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6-5-1: April Matthis

By 651 ARTS on November 14, 2014

In an effort to help our audience know more about the artists 651 ARTS presents, we have developed the 6-5-1 Interview—six questions, five minutes, one artist. This interview spotlights Triple Consciousness discussant and performer April Matthis.

  1. What’s your morning routine?
    • Depending on what day it is and where I am, my morning routine can be all over the place. For the past two weeks I’ve been here in Minneapolis, so my morning routine is crawl out of bed somewhere around 10 o’clock and scrounge for food and slowly, slowly get myself together while I’m talking to my suitemate Okwui Okpokwasili who is doing Scaffold Room as well. Starting Tuesday when I’m back in New York City, it will be about 6 o’clock getting my 5 year old ready for kindergarten and taking the 45 minute commute to her school and then probably coffee with my husband after that.


  2. What’s your fondest memory of being a black girl?
    • When I was around 11 and my sister was 4 years old, one time our parents were sleeping and for some reason I told my sister that I was her mother, I was her real mother. That I had given birth to her when I was 9 years old because I knew that some girls could get their period when they were 9. It was scary but I had heard that that could happen. So I was always teasing my little sister and she was always ready for a fight – very strong and mighty even though she was a quarter of my size when she was that little. I told her to get some kind of respect from her. She doubted it at first and then I said that our mother was actually her grandmother and decided to raise her as her own child and had me pretend to be her sister so that she could grow up with a normal childhood. She looked really confused and then she slowly started to hug me and I felt so bad and I just started laughing and then I said nah I’m just playing.


  3. Double Dutch or Jacks and why?
    • Double Dutch because hand-eye coordination in Jacks, I just never got the hang of it. You bounce the ball and while the ball is in the air you grab some jacks – I forget what you do with Jacks. Double Dutch looks pretty and you’re airborne instead of a small rubber ball and you get to be outside and, if you can do it successfully and not get tangled up in the rope, it’s cool as hell.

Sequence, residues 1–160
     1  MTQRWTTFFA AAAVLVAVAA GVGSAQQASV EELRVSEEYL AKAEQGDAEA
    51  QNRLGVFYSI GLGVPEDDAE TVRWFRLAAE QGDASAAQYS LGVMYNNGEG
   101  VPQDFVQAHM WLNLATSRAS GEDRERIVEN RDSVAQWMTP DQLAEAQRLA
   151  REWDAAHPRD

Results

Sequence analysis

4. If you could visit any place in the world where would it be and why?
    • I think Gramercy Park in New York City because New York City just feels like the always sensible place for us to live right now. Yes, it’s great to have more space and have a yard for your kid and pay a reasonable amount of rent according to what you make and to have peace in quite. But when I’m in beautiful, quiet, calm, clean cities I think what would I be doing here, I need to be doing something for my career, and my husband’s a musician so we need that life energy. And my husband is French. I am conversive in French but I speak English a whole lot better.  I work in using my knowledge of the English language to a large extent. It’s important for me to work and I think, “oh, what about Hollywood,” and it just doesn’t excite me. The isolation of your car, not running into the whole world on the street, in the subway, it’s not exciting to me. New York still feels like a world hub and where I want to be. At Gramercy Park, that kind of secret private park that only certain people in that area have access to, it’s like a bit of a sanctuary. I got to go in it once when I first moved here and I was rehearsing a play and somebody who lived there let us use her apartment to rehearse. It was a little bit of that sanctuary, that quiet but then you could still go get great Thai food any time you want and I think that’s important for life - to have good Thai food nearby.


  5. What’s going to be fly, fresh, and fun about being a black woman in 50 years?
    • I think there are black hair care products at every hotel, that it’s just a given that everybody gets issued that no matter what your hair type is. You get a supply of Argan oil and a big vat of conditioner and No-Poo shampoo and hairpins. That’s just made available to you. Your inherent beauty is taken for granted. There doesn’t have to be a song “I like my skin” it would be assumed because everyone knows it. There would be an interest in a black woman’s ideas, her sense of humor, what she has to offer, but her beauty would not be questioned.


  6. How do you love?
    • I love humbly, gratefully, quietly, and earnestly.

651 ARTS would like to thank April Matthis for answering our six questions that give a better glimpse of the artists we present. Stay tuned for more artist interviews. Keep up with 651 ARTS by downloading our app from Google Play or the Apple Store or follow us on Facebook and Twitter by clicking on the links to the right.

This interview was transcribed from an audio recorded conversation.





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